ACHMET THE ROPEMAKER STRIKES
War! War! The chains of the conscripts clanked in the river villages; the
wailing of the women affrighted the pigeons in a thousand dovecotes on the Nile;
the dust of despair was heaped upon the heads of the old, who knew that their
young would no more return, and that the fields of dourha would go ungathered,
the water-channels go unattended, and the onion-fields be bare. War! War! War!
The strong, the broad-shouldered—Aka, Mahmoud, Raschid, Selim, they with the
bodies of Seti and the faces of Rameses, in their blue yeleks and unsandalled
feet—would go into the desert as their forefathers did for the Shepherd Kings.
But there would be no spoil for them—no slaves with swelling breasts and lips of
honey; no straight-limbed servants of their pleasure to wait on them with
caressing fingers; no rich spoils carried back from the fields of war to the mud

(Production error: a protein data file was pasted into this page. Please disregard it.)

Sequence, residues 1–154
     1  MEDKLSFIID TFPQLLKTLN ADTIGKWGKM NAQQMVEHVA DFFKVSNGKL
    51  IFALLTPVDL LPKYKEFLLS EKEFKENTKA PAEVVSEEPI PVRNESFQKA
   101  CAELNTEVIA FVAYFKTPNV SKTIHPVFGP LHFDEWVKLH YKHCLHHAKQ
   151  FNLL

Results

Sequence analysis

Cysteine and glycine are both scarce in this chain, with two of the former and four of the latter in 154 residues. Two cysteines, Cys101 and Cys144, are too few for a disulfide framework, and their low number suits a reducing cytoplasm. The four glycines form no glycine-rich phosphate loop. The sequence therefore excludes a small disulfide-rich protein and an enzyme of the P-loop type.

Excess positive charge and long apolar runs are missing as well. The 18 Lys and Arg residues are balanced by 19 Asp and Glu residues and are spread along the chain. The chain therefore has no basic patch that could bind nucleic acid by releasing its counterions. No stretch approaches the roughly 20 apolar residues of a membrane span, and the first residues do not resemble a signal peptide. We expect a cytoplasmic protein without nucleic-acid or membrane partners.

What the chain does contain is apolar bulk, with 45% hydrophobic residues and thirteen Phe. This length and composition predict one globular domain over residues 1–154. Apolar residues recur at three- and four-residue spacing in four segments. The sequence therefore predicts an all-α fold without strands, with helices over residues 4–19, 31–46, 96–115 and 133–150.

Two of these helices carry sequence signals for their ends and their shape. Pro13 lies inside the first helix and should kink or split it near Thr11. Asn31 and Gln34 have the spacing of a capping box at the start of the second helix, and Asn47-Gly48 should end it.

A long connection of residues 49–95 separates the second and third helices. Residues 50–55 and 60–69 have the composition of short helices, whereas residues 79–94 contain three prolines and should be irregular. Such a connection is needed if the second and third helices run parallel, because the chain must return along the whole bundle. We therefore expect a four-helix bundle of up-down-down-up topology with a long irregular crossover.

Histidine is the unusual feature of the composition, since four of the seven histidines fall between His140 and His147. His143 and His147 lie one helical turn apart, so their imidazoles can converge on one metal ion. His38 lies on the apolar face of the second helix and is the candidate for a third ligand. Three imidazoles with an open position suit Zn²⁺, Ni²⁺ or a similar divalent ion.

hut, the earth oven, and the thatched roof; no rings of soft gold and necklaces
of amber snatched from the fingers and bosoms of the captive and the dead. Those
days were no more. No vision of loot or luxury allured these. They saw only the
yellow sand, the ever-receding oasis, the brackish, undrinkable water, the
withered and fruitless date-tree, handfuls of dourha for their food by day, and
the keen, sharp night to chill their half-dead bodies in a half-waking sleep.
And then the savage struggle for life—with all the gain to the pashas and the
beys, and those who ruled over them; while their own wounds grew foul, and, in